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Signed release form holds up at Ontario tribunal as worker’s human rights claim dismissed

by HR Law Canada

A worker who signed a release letter, and received a package from their employer, has had their application alleging discrimination on the grounds of sex, including sexual harassment, dismissed by the Ontario Human Rights Tribunal.

The worker, NK, filed the application alleging workplace sexual harassment and subsequent wrongful termination. The applicant claimed to have reported the harassment to their employer — TRACTEL Swing Stage Limited — who did not adequately investigate and later terminated their employment.

TRACTEL had requested the dismissal of the application on the basis that the applicant had signed a “Final Account and Release Letter” releasing the respondent from all liabilities related to employment.

The release form

The release, dated March 12, 2018, outlined several financial terms including wages for a week, accrued vacation pay, and a three-week notice pay.

It specifically stated that signing it would “fully release and discharge” the employer from any liabilities including those under the Ontario Human Rights Code.

Despite the release, NK argued that its contents were unclear, especially concerning their human rights. They also stated that they were unaware of relinquishing any rights by signing the document.

The employer’s position

The employer argues that filing a human rights application after signing a full and final release could be considered an abuse of the tribunal’s process and should therefore be dismissed.

They cite subsection 23(1) of the Statutory Powers and Procedures Act and Rule A8 of the Tribunal’s Rules of Procedure, emphasizing the Perricone v. Fabco Plastics Wholesale case as a precedent.

The respondents note that the applicant was advised to review the termination letter and release and to seek legal counsel if desired. They point out that the release was signed after this advice was given, although the exact timing is unclear.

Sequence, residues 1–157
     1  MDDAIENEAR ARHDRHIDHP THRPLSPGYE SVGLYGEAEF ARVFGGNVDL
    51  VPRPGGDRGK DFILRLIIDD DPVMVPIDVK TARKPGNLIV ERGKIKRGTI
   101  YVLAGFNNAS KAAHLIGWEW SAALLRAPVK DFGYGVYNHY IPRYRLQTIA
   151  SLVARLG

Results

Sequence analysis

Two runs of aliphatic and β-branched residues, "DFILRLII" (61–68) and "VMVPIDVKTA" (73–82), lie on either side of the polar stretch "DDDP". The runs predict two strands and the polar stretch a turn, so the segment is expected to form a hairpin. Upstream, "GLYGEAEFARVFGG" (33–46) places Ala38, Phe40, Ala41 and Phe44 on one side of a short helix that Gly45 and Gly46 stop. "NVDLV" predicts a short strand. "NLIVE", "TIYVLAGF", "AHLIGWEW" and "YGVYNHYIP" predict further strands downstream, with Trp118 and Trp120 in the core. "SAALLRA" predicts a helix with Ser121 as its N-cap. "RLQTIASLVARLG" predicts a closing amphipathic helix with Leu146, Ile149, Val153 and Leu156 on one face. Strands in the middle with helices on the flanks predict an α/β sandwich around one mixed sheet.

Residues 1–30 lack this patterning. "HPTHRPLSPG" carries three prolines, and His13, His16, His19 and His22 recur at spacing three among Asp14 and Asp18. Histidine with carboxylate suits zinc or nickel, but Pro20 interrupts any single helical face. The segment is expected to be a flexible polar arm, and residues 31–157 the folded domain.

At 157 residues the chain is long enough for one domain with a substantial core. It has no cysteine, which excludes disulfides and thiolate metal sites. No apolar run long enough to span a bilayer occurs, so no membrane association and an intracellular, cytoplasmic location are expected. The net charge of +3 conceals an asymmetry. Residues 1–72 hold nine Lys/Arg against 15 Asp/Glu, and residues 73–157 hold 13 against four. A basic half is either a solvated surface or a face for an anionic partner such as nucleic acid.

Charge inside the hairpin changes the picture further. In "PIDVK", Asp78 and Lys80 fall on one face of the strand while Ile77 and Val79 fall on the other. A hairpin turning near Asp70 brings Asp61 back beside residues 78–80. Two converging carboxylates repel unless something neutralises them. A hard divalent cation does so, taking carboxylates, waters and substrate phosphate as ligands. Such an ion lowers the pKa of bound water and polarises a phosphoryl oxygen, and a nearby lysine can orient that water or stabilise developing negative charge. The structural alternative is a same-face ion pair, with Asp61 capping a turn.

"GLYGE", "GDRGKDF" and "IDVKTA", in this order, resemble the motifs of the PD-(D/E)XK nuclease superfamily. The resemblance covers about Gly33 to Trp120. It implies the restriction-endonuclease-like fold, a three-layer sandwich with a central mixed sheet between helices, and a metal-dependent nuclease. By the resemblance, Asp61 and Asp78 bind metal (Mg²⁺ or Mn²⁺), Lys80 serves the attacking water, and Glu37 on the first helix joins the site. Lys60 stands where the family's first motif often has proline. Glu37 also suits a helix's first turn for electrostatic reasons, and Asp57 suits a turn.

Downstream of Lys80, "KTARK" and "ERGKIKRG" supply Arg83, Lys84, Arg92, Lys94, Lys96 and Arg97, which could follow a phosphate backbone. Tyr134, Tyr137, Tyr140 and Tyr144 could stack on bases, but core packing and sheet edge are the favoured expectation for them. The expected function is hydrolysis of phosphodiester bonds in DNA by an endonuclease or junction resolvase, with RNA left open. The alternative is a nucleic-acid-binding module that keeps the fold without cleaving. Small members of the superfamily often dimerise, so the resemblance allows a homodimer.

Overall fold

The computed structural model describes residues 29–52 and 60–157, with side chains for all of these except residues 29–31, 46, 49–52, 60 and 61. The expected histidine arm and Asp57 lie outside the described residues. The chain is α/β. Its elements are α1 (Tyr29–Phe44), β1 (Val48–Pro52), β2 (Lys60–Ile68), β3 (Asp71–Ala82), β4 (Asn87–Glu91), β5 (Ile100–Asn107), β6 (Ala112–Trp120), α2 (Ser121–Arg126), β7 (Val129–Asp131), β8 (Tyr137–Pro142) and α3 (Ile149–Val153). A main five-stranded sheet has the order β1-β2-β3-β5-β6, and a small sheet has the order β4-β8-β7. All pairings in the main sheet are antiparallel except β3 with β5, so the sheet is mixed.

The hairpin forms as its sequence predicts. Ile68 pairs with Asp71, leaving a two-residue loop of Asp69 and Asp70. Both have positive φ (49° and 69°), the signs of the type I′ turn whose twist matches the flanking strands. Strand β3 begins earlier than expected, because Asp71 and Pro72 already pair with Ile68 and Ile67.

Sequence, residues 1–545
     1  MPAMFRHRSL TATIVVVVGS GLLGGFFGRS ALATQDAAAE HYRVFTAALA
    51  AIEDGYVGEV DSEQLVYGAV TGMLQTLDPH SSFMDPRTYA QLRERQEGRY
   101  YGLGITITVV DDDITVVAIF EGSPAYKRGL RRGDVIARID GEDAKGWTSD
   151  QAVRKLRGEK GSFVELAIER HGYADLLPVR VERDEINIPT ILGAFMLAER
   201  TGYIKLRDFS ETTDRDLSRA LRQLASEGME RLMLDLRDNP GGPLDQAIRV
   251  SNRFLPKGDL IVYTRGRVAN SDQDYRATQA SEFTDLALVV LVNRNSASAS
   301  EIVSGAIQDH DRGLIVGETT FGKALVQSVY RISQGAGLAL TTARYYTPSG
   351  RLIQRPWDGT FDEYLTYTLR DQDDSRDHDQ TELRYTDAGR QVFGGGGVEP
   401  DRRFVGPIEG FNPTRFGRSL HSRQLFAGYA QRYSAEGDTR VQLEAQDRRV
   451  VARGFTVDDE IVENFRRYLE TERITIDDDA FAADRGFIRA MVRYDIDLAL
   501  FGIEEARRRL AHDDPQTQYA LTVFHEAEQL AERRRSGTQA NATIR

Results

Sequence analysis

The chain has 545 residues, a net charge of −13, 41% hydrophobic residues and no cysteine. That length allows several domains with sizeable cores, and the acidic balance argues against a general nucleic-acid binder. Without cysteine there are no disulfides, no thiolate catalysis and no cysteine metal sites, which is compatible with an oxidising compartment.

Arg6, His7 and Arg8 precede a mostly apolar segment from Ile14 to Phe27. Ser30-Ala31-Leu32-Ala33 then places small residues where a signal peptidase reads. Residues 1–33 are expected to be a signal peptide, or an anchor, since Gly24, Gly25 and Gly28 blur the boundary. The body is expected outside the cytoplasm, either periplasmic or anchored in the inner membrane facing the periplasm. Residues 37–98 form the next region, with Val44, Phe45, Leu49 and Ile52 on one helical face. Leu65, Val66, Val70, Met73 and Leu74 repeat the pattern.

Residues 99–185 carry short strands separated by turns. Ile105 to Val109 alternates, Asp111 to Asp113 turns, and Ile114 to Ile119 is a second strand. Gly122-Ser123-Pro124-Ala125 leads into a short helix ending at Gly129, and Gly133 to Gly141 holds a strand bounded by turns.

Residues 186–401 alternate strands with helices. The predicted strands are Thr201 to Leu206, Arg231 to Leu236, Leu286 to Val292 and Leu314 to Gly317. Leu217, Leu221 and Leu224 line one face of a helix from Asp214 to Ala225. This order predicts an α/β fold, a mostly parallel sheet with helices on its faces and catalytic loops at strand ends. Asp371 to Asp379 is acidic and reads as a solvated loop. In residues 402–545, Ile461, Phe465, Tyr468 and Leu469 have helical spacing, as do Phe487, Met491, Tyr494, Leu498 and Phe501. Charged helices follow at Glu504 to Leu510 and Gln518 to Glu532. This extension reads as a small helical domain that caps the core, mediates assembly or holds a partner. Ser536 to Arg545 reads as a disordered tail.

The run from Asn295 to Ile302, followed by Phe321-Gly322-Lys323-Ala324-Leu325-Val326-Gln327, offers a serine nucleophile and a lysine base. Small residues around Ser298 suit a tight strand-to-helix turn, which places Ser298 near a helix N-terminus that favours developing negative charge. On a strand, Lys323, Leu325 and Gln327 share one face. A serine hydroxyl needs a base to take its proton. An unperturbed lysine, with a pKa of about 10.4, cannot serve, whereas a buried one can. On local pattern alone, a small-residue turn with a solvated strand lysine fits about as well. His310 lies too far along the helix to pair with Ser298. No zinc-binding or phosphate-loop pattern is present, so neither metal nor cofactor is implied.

The applicant, who is described as an educated individual working in a complex engineering field, never expressed confusion about the release or asked for clarification.

Furthermore, the respondents argue that typical financial pressures stemming from job loss do not amount to duress. They refer to multiple cases, including Lizzola v. Nordia Inc. and Sugianto v. Sweda Canada Inc., to support the idea that duress only exists when there is “no realistic alternative” other than signing the release.

They contend that once a release is signed upon termination, it bars the individual from pursuing any application under the Code against a former co-worker, as long as the alleged breach occurred in an employment context.

The employee’s position

NK sought to have the tribunal look at the case as an individual case, and not reference cases cited by the employer. “I need my case to be seen as an isolated case,” they said.

NK also said the release did not indicate there was consideration — i.e., payment.

“Because the cover letter stated that the applicant was ‘entitled’ to the additional four weeks pay (on top of the statutory entitlement of three weeks pay in lieu of notice), the applicant did not believe that they were giving up any rights and therefore did not feel any need to get legal advice,” the ruling read.

NK testified that they signed the release before they left the office, did not understand the nature of the document and did not review its contents with anyone.

“I did not understand the nature of the document that I signed from its contents,” NK said in a sworn witness statement. “The only thing I understood was that I needed to sign it in order to get termination pay. I felt like I had to sign it because I had just been unexpectedly fired and needed income.”

NK added they were not in a “sound state of mind because of the environment at TRACTEL,” but the tribunal noted they provided no evidence.

The tribunal’s decision

The Tribunal ruled that the applicant’s case could not be distinguished from the main body of case law on the issue of abuse of process.

“Although every case must turn on its own facts, I cannot, as (NK) would have me do, completely disregard the relevant case law,” the tribunal said.

The tribunal emphasized the importance of the “principle of finality” in legal matters, stating that once a contract, like a release, is signed, it should be given effect unless there are compelling reasons to set it aside.

The applicant argued that the release was “unfair” and that there was a lack of consideration. However, the tribunal found that the applicant had received their statutory entitlements under the Employment Standards Act 2000 and an additional four weeks of pay for signing the release.

The tribunal also found no evidence of duress or illegitimate pressure applied to the applicant, who had been advised to seek counsel and had not seemed confused during the termination meeting.

The tribunal concluded there was no compelling reason not to give effect to the release and that the applicant had not established duress. As a result, the application was deemed an abuse of the tribunal’s process and was dismissed.

For more information, see Kamal v. TRACTEL Swing Stage Limited, 2023 HRTO 1388 (CanLII)

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